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Cheating in casinos: "Employees make up 25% of arrests”

Cheating in casinos, especially in one of the most high-profile gambling centres in the world, Nevada, remains rife.

Whether it’s an inside job, a ‘grab and run’, or something a little more sophisticated, individuals have attempted to cheat the system ever since casinos were first invented.

At the ICE VOX Conference, James Taylor, Chief of the Nevada Gaming Control Boards’ Enforcement Division, gave his thoughts on casino cheats, and how he and his team are combatting them.

Taylor commented: “Nuisance crimes, casino cheats, employee crimes and organised crime. These are the different types of cheats you’ll find. There are people across the world whose whole lives are dedicated to cheating in casinos. They do not stop.

“Many machines have glitches that are not found during development. Cheaters will find these glitches.”

One key reason, insiders believe, there are so many attempts to cheat casinos, other than the large sums of money held, is casinos are seen as cold, faceless operations, which won’t miss a small amount of cash.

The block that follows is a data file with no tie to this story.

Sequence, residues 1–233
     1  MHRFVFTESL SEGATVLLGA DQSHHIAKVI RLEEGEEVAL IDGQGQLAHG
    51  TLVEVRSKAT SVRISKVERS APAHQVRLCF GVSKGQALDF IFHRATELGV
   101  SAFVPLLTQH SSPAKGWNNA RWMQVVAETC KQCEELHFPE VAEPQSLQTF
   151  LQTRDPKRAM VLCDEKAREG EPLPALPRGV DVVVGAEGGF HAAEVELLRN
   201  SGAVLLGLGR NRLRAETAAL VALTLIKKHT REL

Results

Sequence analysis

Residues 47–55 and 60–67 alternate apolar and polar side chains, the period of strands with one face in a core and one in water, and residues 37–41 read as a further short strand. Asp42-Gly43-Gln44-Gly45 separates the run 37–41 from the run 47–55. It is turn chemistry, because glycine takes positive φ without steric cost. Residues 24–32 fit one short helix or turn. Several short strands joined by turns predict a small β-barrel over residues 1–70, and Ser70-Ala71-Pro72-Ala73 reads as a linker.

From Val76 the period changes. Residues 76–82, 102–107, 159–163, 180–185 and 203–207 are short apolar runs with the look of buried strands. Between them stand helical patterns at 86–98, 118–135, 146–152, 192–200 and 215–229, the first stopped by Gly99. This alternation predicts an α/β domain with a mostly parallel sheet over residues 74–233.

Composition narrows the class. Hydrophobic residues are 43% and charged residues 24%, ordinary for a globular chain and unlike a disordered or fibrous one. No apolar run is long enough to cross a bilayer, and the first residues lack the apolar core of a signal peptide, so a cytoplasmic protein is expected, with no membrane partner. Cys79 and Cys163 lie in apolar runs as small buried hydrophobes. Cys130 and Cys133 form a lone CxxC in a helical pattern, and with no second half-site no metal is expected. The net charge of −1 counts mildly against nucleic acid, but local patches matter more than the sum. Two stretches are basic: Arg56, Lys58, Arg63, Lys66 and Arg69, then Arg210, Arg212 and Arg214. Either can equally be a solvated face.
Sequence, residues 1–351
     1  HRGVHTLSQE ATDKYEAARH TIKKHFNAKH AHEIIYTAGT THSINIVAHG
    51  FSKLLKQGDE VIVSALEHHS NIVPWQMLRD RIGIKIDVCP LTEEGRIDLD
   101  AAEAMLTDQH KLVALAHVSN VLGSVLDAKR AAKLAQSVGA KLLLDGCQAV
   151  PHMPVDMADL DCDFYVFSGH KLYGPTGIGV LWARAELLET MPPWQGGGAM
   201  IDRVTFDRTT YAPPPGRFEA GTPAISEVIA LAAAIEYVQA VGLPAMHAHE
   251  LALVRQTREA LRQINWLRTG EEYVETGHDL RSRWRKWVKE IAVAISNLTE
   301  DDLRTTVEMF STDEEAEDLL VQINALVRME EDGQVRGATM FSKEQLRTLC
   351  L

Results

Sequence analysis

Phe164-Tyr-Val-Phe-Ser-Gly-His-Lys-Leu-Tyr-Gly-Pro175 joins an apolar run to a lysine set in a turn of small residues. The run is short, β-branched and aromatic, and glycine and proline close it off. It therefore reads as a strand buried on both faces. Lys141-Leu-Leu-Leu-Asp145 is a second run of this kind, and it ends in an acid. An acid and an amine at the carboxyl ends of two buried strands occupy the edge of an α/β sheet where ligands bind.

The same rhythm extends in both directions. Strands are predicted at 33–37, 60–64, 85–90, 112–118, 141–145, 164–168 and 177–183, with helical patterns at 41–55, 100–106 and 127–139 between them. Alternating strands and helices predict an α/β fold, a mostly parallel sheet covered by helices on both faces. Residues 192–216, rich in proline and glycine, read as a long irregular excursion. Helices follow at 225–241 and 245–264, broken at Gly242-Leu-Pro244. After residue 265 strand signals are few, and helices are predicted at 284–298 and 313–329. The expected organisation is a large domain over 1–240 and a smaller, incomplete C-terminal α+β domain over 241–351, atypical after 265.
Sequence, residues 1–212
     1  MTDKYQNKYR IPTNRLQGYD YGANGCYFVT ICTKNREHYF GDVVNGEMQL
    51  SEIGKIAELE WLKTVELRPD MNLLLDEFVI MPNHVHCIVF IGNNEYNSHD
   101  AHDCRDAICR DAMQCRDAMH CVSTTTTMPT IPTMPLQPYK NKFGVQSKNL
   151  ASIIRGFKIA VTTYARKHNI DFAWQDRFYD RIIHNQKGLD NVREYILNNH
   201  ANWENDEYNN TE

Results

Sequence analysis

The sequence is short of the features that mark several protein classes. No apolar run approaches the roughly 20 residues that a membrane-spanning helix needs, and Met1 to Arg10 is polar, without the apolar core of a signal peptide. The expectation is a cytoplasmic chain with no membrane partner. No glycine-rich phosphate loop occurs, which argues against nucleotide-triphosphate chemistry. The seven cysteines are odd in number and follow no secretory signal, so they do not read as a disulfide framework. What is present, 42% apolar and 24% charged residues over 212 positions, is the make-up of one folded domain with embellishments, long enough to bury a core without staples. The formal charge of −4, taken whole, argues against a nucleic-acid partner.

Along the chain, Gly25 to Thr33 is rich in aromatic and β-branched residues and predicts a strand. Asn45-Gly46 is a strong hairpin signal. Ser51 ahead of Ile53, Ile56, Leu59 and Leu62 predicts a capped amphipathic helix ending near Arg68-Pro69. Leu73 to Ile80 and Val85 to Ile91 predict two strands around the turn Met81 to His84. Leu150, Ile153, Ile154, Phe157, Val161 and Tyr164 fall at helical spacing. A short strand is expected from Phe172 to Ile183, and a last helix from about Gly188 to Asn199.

Over the years, cheats have developed card-counting machines, light optic devices and the ‘Nikrasch device’, a set of magnets and locksmith tools Dennis Nikrasch used to steal $16m from slot machines over a 22-year period.

At the Enforcement Division, Taylor leads a team of 90, tasked with not only catching gambling cheats after the event, but proactively stopping them beforehand.

He continued: “We have around 500 arrests per year, 25% of these are employees. These problems are often caused by addiction, money problems, among other things.”

Each year, casinos in Nevada continue to lose millions to cheats, with conspiracy among internal employees clearly an issue. Add organised crime groups into the mix and it’s no wonder officials such as Taylor still have a tough job on their hands.


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